One night last week I got home from work to find my home much cooler than usual. I searched the house for open windows and, after finding none, proceeded to play with the thermostat. Minutes passed, the house maintained its chilly demeanor, and the fans that should bring in warm air from the furnace refused to clicked on.
Courtesy of Pixabay
At first, I was angry. I thought perhaps the gas company had erroneously turned off our service, or maybe the household accountant had forgotten to pay the bill? It was a near-freezing evening and I had a small child in the house. I was irritable and slightly furious at the thought of my poor little one freezing through the night.
I managed to reign in my anger, and my interaction with the gas company phone representative was actually quite pleasant and productive. I wrapped up my son in layers of pajamas and a few blankets, and the gas company sent out someone the next day to solve our furnace issue. Our house is apparently well insulated as the temperature actually only got down to about 64 degrees F inside.
Fast forward a week, and on my way to work I was listening to the BBC radio crew discuss what is happening in the Congo right now. I was awestruck and dumbfounded by what I heard. The displacement of more than 1.7 million people? The stories were heart wrenching and almost unbearable to listen to; kids starving and dying, families literally ripped apart.
I recall being a teenager and learning about the Rwandan genocide. I remember, then too, being gob smacked by the images and the accounts of tragedy. I felt so helpless about it, and I found myself, for a while, constantly wondering what could be done. The same is true decades later during the recent civil war in Syria.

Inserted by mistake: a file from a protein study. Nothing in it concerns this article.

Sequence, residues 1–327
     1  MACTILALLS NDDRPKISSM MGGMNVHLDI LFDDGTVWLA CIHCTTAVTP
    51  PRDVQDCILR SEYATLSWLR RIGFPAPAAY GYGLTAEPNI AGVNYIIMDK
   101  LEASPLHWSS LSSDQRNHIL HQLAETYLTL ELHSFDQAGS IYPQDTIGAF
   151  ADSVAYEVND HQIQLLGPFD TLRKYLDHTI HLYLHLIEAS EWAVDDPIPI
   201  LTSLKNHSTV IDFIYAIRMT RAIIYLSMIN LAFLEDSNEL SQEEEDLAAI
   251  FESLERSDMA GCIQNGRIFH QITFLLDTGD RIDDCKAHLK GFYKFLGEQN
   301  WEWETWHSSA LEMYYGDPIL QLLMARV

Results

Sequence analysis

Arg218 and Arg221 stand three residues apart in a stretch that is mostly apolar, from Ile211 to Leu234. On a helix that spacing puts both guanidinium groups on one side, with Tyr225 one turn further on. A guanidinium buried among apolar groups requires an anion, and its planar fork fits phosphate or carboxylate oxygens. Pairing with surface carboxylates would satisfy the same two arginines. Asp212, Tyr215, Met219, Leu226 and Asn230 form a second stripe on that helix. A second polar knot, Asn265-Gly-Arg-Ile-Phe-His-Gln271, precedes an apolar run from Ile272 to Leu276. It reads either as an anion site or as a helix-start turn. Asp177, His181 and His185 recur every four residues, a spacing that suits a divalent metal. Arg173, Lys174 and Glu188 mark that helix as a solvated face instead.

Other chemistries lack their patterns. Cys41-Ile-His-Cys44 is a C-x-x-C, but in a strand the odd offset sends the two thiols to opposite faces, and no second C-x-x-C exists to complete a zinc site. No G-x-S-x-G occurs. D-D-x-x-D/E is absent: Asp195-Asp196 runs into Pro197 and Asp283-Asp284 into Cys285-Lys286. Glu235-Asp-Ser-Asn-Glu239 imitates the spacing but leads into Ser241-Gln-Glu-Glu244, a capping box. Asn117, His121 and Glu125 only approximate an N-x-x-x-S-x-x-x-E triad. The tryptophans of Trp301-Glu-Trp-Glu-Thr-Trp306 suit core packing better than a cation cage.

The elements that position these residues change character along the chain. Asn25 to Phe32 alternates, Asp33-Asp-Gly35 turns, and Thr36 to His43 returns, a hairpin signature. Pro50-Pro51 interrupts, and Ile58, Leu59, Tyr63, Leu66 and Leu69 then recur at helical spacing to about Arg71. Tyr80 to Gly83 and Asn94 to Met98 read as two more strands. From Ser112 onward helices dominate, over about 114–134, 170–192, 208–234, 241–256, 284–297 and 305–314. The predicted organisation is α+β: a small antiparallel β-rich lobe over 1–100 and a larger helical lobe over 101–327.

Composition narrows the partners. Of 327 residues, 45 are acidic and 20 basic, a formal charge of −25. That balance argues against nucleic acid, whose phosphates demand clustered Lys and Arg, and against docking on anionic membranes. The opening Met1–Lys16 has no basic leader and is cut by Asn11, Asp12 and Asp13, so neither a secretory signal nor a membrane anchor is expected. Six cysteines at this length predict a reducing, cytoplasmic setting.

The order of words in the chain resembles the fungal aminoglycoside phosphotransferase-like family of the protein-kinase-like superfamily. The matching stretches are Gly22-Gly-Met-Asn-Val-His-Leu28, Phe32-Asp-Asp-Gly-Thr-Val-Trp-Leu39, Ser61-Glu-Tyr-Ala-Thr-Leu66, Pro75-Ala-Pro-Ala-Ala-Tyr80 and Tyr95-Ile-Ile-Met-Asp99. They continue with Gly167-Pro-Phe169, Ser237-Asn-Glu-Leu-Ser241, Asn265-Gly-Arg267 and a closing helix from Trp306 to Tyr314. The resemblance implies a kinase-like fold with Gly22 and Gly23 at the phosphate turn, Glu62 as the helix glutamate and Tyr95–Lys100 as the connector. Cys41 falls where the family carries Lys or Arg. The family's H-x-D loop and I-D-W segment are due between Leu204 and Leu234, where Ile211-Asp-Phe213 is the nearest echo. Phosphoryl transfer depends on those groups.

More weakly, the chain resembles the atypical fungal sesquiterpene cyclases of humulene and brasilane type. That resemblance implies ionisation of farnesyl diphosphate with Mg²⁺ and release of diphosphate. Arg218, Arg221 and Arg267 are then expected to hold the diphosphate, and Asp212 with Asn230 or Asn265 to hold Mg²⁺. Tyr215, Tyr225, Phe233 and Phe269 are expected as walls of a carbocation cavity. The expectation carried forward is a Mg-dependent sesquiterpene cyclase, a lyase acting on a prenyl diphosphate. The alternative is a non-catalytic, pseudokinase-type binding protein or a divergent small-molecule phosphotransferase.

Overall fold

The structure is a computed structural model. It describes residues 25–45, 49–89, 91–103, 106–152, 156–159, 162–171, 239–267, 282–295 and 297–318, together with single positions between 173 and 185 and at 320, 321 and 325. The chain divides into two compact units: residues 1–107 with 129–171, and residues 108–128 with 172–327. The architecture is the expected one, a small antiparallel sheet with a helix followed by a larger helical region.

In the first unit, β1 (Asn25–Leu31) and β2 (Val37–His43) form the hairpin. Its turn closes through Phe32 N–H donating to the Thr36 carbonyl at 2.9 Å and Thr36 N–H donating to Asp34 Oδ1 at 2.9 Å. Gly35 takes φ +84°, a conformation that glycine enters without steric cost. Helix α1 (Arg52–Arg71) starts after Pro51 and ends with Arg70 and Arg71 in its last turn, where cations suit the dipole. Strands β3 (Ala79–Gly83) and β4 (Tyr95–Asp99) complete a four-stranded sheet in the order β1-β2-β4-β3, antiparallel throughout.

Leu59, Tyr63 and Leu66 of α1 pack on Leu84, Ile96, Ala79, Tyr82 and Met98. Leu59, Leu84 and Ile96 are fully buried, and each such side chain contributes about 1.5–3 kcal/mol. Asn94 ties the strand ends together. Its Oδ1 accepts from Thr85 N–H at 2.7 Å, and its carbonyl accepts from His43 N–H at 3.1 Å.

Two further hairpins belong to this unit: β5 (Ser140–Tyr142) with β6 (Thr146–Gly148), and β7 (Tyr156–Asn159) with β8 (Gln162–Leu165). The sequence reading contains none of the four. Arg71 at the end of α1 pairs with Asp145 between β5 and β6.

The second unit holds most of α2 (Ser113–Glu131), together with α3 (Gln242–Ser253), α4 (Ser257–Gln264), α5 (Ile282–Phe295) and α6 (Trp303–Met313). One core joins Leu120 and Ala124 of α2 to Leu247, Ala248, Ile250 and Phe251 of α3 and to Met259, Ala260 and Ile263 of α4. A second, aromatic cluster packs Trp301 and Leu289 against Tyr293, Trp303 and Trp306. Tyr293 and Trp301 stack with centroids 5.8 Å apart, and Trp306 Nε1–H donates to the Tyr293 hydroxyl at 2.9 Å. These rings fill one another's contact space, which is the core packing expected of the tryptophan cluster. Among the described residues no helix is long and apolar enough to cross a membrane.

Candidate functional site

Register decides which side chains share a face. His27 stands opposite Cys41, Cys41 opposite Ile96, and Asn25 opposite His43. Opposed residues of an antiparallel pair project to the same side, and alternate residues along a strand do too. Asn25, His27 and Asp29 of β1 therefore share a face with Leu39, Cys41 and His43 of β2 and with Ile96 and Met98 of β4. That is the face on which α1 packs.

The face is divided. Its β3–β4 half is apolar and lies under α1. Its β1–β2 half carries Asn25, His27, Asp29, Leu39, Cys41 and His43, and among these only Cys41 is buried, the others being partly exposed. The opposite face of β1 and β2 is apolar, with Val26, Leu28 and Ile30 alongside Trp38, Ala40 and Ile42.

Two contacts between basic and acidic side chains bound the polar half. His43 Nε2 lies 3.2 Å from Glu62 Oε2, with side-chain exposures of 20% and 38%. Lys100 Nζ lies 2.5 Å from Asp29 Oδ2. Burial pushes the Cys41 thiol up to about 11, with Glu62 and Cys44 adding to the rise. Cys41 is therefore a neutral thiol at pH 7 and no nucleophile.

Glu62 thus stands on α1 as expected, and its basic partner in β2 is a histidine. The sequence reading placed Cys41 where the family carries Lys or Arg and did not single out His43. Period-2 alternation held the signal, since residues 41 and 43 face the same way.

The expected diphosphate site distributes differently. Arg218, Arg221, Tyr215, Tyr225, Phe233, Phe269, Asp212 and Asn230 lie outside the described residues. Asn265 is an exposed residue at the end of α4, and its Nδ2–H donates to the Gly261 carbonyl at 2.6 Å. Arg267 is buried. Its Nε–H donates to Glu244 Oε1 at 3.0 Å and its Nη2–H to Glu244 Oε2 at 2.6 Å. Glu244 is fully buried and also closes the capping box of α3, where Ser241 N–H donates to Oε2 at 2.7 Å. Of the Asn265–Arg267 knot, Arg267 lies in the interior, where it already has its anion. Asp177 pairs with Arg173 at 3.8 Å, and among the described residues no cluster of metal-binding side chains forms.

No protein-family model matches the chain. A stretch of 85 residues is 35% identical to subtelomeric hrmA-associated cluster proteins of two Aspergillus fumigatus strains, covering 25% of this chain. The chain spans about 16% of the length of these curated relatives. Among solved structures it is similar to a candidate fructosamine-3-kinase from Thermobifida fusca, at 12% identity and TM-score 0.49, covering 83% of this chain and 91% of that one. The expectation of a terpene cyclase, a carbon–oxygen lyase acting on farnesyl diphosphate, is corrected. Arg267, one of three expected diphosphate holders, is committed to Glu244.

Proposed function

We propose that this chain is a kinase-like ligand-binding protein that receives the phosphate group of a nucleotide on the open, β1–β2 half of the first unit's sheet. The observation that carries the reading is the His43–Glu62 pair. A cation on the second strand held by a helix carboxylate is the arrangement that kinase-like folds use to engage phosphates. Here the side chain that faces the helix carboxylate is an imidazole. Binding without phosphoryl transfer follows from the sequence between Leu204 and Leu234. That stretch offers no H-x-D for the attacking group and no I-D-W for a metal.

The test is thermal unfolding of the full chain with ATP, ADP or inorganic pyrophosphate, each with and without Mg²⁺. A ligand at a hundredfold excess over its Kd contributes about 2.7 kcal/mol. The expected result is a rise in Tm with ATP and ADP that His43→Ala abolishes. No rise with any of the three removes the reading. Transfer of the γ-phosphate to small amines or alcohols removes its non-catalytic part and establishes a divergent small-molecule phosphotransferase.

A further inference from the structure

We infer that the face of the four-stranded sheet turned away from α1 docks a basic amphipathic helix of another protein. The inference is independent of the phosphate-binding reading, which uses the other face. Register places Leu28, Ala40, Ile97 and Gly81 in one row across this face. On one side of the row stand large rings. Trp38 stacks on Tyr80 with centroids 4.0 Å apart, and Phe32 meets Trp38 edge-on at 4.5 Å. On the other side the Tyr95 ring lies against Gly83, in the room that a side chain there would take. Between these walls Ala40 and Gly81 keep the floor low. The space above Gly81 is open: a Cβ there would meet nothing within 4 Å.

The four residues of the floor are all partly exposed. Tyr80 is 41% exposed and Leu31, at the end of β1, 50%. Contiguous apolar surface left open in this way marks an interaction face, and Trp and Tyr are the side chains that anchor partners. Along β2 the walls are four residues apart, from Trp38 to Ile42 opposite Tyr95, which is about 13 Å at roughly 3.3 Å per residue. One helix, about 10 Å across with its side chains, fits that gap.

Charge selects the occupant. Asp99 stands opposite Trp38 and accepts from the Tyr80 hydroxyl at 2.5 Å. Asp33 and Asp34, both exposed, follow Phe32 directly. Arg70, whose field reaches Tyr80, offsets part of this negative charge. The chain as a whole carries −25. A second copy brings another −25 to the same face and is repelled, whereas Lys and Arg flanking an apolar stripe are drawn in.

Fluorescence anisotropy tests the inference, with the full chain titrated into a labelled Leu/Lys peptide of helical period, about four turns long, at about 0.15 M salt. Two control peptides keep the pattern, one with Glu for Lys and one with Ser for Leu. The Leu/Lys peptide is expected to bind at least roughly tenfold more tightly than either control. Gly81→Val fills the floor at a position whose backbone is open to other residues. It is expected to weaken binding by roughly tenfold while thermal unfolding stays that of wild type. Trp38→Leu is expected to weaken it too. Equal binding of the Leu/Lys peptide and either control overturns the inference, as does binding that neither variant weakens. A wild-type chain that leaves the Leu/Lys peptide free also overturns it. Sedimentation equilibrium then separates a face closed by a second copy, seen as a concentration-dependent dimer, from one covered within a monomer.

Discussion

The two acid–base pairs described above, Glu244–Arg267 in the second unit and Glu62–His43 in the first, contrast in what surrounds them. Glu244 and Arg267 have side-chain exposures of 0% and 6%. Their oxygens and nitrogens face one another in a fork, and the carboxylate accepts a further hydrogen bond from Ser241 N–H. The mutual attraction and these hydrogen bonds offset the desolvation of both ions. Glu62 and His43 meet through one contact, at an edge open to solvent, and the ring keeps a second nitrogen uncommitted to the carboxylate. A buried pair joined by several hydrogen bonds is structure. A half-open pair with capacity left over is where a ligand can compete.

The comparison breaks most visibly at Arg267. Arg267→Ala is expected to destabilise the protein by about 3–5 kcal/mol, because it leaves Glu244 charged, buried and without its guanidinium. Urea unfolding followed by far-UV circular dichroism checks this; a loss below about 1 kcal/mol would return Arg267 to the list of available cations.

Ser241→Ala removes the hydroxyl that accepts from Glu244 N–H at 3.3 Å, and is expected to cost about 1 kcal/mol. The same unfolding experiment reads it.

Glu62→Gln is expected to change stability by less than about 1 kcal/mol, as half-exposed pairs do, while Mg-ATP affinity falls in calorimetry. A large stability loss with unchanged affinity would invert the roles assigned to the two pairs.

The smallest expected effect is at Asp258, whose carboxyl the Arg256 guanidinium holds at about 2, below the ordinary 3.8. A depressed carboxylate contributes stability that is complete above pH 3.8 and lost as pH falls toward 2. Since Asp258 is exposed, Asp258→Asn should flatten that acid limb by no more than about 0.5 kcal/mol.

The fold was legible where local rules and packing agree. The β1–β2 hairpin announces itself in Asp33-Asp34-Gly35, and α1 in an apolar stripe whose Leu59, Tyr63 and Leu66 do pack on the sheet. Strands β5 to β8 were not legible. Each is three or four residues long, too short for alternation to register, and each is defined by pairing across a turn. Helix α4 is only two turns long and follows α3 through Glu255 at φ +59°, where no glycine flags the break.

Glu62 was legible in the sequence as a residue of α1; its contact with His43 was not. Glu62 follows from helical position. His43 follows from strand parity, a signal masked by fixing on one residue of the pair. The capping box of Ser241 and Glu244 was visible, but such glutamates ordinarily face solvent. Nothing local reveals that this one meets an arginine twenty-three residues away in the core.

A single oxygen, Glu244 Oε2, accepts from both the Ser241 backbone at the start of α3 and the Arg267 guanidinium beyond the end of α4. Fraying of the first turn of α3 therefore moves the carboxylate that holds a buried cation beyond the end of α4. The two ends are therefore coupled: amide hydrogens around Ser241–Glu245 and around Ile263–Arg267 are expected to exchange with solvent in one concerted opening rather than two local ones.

Although I do attempt to educate myself about politics, I’m afraid I am no expert in foreign affairs and I do not claim to understand the circumstances by which any of these conflicts have taken place. There are much more intelligent people out there who can understand and explain that part so much better than myself.
What I do recognize, is the humanity.
When I stop for a moment and try to put myself in the shoes of someone who has just lost literally everything (granted, I understand that I can never really know how someone feels or thinks), I feel my soul ache. I begin to see the gaping yawn of hopelessness, and I still can’t imagine experiencing it real life, rather than from the safety of my pretend perspective.
Courtesy of Pixabay
This is not a movie. This is not a story. This is happening in real life, to real people.
I tend to believe that life exists on a knife’s edge as it is. However, when confronted with the pictures and reports of what some of these people have experienced, I feel that knife getting thinner and thinner.
(What’s the best way to help? I’m not sure yet, but if I can, I will.)
Meanwhile, I get frustrated with my electric kettle because I need to get to work. I need coffee now, and 2 minutes just seems too long to wait.